In Doe v. New York City Police Department et al, No. 118182/09, 12763, 2019-3747, 2021 N.Y. Slip Op. 00009, 2021 WL 27523 (N.Y.A.D. 1 Dept., Jan. 05, 2021), the court, inter alia, unanimously reversed the lower court’s order granting summary judgment for defendants on plaintiff’s claim of employment discrimination asserted under the New York State and City Human Rights Laws.
From the decision:
Plaintiff is a homosexual man who graduated from the Police Academy in 2006 and by November 2008 rose to the rank of detective, third grade. Viewing the record in the light most favorable to plaintiff as nonmovant, beginning within a short time after he joined defendant New York City Police Department (N.Y.PD), it became widely known that he was gay, because, among other factors, homophobic colleagues vindictively published that fact by calling officers wherever plaintiff was stationed and telling them to harass plaintiff because he was gay. When plaintiff began his assignment at NYPD’s Internal Affairs Bureau’s (IAB) Command Center beginning in the summer of 2007, plaintiff was immediately exposed to two sergeants who quickly surmised, based on his responses to their constant homophobic slurs directed at civilians and gay officers, that plaintiff was gay. Other officers joined in, condoned and encouraged by the sergeants, and plaintiff thereafter endured over a year of homophobic derision, harassment, and verbal abuse. The foregoing establishes a claim for employment discrimination, via hostile work environment, under the State and City HRLs (see Sims v Trustees of Columbia Univ. in the City of N.Y., 168 AD3d 622, 623 [1st Dept 2019]; Anderson v. Edmiston & Co., Inc., 131 AD3d 416, 417 [1st Dept 2015] ). Vulgar, homophobic remarks that were levelled at plaintiff during his assignments at the IAB’s Vehicle Identification Unit (VIU) and at the Manhattan Courts section, while not necessarily actionable on their own, likewise form components of the overall broader hostile work environment tolerated and condoned by defendants during plaintiff’s employment (see Suri v. Grey Global Group, Inc., 164 AD3d 108, 115 [1st Dept 2018], appeal dismissed 32 NY3d 1138  ).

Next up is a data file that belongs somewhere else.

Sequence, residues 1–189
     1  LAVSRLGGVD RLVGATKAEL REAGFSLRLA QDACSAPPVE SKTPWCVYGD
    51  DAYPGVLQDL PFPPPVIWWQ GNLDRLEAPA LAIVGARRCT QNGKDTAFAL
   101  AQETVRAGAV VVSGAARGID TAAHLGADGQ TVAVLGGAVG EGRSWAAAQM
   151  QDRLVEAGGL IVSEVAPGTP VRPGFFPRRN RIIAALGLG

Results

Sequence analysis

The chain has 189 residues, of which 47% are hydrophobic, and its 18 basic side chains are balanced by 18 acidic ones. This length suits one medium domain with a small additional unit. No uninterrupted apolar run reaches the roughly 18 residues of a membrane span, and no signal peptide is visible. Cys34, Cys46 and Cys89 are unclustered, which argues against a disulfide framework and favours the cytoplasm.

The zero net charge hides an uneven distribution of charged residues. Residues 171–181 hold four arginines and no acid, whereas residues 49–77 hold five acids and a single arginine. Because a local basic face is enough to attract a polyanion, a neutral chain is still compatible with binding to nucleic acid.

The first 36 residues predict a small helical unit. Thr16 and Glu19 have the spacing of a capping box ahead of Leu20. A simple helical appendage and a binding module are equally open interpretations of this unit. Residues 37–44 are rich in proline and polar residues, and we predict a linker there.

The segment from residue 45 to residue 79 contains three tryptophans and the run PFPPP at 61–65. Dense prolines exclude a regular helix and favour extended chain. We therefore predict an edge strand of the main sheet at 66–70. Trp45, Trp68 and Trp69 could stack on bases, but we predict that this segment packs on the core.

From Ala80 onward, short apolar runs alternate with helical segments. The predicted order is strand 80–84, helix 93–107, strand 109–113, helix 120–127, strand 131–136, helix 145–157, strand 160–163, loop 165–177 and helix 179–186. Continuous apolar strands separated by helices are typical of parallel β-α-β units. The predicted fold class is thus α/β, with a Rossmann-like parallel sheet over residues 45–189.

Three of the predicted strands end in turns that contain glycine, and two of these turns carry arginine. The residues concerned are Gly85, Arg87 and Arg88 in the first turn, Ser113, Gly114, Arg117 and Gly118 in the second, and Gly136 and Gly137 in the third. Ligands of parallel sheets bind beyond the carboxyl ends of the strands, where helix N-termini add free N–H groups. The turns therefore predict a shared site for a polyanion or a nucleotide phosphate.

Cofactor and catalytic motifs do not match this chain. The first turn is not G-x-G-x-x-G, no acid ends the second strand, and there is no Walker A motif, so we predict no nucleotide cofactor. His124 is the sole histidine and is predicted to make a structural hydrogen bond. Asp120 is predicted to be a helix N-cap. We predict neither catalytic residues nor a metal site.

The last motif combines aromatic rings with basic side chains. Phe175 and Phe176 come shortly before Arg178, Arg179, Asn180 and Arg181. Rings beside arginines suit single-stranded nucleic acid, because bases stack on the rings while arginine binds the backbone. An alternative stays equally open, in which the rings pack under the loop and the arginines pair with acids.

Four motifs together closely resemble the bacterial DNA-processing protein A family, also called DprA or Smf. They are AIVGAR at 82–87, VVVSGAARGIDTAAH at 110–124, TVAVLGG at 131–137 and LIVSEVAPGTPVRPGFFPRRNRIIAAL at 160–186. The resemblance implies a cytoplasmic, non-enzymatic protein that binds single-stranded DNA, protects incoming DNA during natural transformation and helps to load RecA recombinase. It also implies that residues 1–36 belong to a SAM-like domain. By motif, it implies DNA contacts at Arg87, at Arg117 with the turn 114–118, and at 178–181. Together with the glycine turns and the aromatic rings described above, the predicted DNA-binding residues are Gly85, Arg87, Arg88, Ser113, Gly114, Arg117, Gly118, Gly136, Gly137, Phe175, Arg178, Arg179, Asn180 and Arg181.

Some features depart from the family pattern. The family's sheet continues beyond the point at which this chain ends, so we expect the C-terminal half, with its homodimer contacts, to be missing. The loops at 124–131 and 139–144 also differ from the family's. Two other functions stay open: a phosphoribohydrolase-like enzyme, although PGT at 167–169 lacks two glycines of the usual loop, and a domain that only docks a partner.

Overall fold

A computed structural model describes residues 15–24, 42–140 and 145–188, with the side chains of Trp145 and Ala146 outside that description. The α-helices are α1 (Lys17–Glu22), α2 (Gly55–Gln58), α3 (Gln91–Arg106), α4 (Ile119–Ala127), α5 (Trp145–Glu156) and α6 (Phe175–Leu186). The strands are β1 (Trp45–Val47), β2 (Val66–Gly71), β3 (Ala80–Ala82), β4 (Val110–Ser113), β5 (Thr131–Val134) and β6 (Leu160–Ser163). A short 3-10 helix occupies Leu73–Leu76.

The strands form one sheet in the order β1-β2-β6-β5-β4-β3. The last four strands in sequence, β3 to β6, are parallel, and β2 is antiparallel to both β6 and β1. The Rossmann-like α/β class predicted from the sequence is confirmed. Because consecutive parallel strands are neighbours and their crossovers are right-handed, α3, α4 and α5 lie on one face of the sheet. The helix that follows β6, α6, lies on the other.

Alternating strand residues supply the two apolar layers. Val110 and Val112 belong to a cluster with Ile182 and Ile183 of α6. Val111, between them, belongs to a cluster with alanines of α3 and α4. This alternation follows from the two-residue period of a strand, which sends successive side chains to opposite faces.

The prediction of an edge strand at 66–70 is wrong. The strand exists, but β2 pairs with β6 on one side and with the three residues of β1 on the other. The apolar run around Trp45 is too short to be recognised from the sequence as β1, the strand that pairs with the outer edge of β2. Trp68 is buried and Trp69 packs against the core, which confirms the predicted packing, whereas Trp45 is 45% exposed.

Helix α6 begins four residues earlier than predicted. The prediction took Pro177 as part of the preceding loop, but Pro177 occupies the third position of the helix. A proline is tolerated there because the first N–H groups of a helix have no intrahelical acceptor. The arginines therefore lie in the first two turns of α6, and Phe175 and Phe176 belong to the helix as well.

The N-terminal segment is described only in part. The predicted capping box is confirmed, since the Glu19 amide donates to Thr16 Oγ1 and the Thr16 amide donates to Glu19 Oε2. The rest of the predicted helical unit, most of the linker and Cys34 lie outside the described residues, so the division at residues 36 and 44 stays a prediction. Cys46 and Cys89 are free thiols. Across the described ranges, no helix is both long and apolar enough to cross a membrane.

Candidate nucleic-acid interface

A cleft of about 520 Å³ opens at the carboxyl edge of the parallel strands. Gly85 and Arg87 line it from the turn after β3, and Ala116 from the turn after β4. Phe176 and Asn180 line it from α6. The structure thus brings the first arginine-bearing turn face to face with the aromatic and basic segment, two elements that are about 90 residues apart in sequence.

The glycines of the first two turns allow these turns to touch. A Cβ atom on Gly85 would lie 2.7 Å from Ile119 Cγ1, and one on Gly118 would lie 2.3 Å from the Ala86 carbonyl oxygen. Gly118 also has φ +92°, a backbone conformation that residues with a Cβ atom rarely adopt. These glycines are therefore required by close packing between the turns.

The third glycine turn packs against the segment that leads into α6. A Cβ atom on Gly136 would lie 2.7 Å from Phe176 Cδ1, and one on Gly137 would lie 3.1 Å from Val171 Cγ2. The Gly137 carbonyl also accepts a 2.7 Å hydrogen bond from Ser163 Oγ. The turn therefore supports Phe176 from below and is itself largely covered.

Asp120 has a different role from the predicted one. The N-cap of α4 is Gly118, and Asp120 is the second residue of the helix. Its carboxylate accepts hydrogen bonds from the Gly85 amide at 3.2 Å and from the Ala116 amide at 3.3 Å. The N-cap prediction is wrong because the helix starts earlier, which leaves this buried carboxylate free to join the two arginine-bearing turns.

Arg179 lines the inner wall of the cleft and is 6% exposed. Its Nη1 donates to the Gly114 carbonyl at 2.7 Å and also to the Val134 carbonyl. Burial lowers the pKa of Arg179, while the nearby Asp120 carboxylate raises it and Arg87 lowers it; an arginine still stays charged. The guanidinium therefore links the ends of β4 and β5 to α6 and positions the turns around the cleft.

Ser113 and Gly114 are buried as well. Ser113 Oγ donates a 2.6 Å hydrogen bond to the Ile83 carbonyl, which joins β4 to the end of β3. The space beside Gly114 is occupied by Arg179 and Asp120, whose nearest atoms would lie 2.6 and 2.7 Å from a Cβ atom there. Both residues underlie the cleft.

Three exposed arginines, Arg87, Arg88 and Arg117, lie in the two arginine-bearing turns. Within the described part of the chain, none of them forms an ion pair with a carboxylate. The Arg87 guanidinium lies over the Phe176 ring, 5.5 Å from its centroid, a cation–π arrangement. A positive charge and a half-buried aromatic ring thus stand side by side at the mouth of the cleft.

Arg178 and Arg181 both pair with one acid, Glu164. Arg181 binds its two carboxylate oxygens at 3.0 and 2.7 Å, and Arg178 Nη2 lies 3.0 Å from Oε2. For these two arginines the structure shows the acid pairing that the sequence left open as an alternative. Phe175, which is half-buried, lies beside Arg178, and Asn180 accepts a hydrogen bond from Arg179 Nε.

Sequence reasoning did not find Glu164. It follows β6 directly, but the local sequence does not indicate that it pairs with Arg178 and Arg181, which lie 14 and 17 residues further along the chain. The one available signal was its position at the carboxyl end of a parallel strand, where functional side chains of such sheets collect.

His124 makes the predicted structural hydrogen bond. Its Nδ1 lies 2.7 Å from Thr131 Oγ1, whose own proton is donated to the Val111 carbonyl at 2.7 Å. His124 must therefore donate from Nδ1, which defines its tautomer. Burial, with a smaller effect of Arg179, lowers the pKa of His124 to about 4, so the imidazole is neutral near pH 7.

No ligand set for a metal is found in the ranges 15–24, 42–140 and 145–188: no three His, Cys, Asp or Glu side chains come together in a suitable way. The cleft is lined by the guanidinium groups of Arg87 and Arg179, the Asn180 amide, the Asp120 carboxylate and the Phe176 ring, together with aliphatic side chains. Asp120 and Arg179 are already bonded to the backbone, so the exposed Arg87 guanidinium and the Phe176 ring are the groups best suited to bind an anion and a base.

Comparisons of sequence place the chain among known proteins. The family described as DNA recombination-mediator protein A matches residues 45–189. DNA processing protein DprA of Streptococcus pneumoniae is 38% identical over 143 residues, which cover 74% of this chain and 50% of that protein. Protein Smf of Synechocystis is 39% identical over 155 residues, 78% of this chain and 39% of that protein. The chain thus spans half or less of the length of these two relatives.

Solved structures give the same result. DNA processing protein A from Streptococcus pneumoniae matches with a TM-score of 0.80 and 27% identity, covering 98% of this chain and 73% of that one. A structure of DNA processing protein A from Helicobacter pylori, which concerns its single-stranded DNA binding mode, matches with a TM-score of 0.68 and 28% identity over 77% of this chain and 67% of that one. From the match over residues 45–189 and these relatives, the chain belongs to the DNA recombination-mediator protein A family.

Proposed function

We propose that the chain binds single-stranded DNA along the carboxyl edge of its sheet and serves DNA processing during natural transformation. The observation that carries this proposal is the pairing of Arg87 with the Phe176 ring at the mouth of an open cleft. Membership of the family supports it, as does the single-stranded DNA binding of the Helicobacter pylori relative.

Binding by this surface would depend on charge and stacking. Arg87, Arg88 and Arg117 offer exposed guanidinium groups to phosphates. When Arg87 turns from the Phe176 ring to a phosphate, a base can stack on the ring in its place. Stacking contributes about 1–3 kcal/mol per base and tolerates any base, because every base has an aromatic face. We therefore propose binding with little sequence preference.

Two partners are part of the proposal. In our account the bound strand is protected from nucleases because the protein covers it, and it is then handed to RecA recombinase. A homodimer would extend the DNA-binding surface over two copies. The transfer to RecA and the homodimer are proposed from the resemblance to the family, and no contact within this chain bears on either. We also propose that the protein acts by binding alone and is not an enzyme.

Following several years during which plaintiff endured homophobic harassment, including by supervisors, at the various commands to which he was assigned, plaintiff was transferred to his final assignment at the 77 th Precinct. There, plaintiff was repeatedly required to enter a holding cell, by himself, with prisoners still inside, while plaintiff carried metal and wooden cleaning implements. This was potentially dangerous, as plaintiff could have been overwhelmed and attacked by the prisoners. Other officers were not required to do it, as it was usually a task for the maintenance crew. Being singled out to do a task which peers are not required to do, and which is dangerous, is an adverse employment action under both the State and City HRLs (see Askin v Department of Educ. of the City of N.Y., 110 AD3d 621, 622 [1st Dept 2013] ). It can be inferred that plaintiff’s supervisor knew that plaintiff was gay and was motivated by animus when she repeatedly directed him to enter the holding cells alone to clean them.
*2 Plaintiff was also required to go on foot patrol alone during the midnight shift in dangerous areas at the 77 th Precinct; other officers patrolled with partners. These midnight solo patrols were dangerous and actionable as adverse employment actions effected under circumstances supporting an inference of discrimination. These dangerous assignments were likewise serious enough also to support plaintiff’s causes of action for constructive discharge (see Pennsylvania State Police v Suders, 542 U.S. 129, 141  ).
We also restore plaintiff’s employment discrimination claim under the City HRL in that he was given extra work when he arrived at the VIU. Plaintiff was thus disadvantaged under circumstances supporting an inference of discrimination (see James v. City of New York, 144 AD3d 466, 467 [1st Dept 2016] ).
While this decision is a positive step forward for the plaintiff, it bears noting that the initial lawsuit was filed in 2009. As they say (paraphrasing), the wheels of justice turn – though slowly.